Republic F-74 Thundercloud (Fictional)

usa flag USA (1946)
Fictional Prototype Fighter Bomber – 11 Built

Inspired by the Kyushu J7W and Curtiss-Wright XP-55, the P-later-F-74’s radical wing designs lifted its position in aviation history to the jet age’s dawn. With a canard layout and its inverted, swept-back gull wings, this little-known fighter-bomber was a broad new attempt at close air support by Republic Aviation. Meet the unnamed member of the “Thunder family” – F-74 Thundercloud.


After Japan’s surrender in 1945, the U.S. Naval Technical Mission to Japan immediately commenced. Found at an abandoned hangar of the Itazuke Air Base, an aircraft with a radical design caught everybody’s eyes. This is the Kyushu J7W Shinden, an interceptor with a canard layout and a pusher engine at the back, similar to the U.S. Army’s XP-55 Ascender. Along with other interesting Japanese designs, the J7W was dismantled, crated, and shipped to the U.S.

Immediately after the Second World War, USAAF launched their next generation multirole strike fighter program. The winning project of the contract would be awarded the codename P-74. However, most major companies such as North American and Lockheed were busy creating their first jets, leaving Republic Aviation the only participant. Impressed by the J7W’s perfect integration of nose-mounted weapons and the large but streamlined fuselage that houses powerful engines, Republic decided to give it a shot, as a then-intermediate candidate of the P-84 Thunderjet.


The F-74 was an all-metal, monocoque, low-wing cantilever monoplane. Its unique canard layout consisted of a pair of compound delta wings that integrated an inverted “gull wing” design with a pair of dihedral wing tips that houses the ailerons, and a pair of smaller, less swept back trapezoidal canards at the front of the aircraft, immediately behind and above the modular weapon bay. Two vertical stabilizers are positioned at the joint between the main wing and the wingtips, with anti-skid wheels on the bottom. A pair of long and narrow side intakes drew upcoming air into the rear-mounted, air-cooled radial engine (R-3350 or 4360) that drove a set of four wide paddle blade style constant speed propellers [1].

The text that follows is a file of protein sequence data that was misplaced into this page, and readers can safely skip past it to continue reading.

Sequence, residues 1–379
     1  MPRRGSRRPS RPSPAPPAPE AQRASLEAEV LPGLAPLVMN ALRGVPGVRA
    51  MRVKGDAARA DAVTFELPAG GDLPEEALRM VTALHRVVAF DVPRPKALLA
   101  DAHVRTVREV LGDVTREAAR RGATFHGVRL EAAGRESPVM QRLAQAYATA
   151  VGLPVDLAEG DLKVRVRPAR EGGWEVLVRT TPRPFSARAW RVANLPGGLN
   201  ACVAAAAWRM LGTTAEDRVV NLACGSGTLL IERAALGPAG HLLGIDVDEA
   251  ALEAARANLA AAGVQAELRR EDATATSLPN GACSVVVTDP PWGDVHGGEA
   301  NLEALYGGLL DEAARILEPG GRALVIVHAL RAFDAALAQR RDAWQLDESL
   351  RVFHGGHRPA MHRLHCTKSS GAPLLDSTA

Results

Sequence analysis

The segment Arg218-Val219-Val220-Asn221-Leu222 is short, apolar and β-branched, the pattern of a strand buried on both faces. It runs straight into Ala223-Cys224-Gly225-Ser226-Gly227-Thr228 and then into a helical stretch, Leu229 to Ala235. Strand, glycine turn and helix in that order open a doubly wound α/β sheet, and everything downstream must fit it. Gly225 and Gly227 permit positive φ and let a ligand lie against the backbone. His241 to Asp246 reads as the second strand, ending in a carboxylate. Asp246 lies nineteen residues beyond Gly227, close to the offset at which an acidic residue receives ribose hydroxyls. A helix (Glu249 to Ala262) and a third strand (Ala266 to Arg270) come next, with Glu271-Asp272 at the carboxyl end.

The nose-mounted weapon bay could be easily swapped at any frontline airfield to suit different combat scenarios, ranging from the basic “six-pack” .50 machine guns to a pair of powerful 37mm cannons. The powerful R-4360 engine also allowed an assortment of weapons to be carried under its wing pylons, ranging from unguided rockets, general purpose and napalm bombs, to machinegun pods that further enhance the aircraft’s firepower.

Not Your Average Cumulonimbus

Only one year after Republic “won” the contract by being the sole participant, on 17th August 1946, the XP-74-A-0-RE prototype flew for the first time. With a R-3350 engine and simulated counterweights instead of guns, the aircraft displayed favorable control characteristics. Its low-speed handling was surprisingly well for an aircraft this size, thanks to its large wing area and powerful pitching leverage provided by the front-placing canards. The only two complaints of the test pilot were its large torque on the takeoff roll and the fragile rear propeller he broke on landing. The first problem was addressed by applying more trim, with the second one solved by adding a pair of anti-skid wheels under the vertical stabilizers.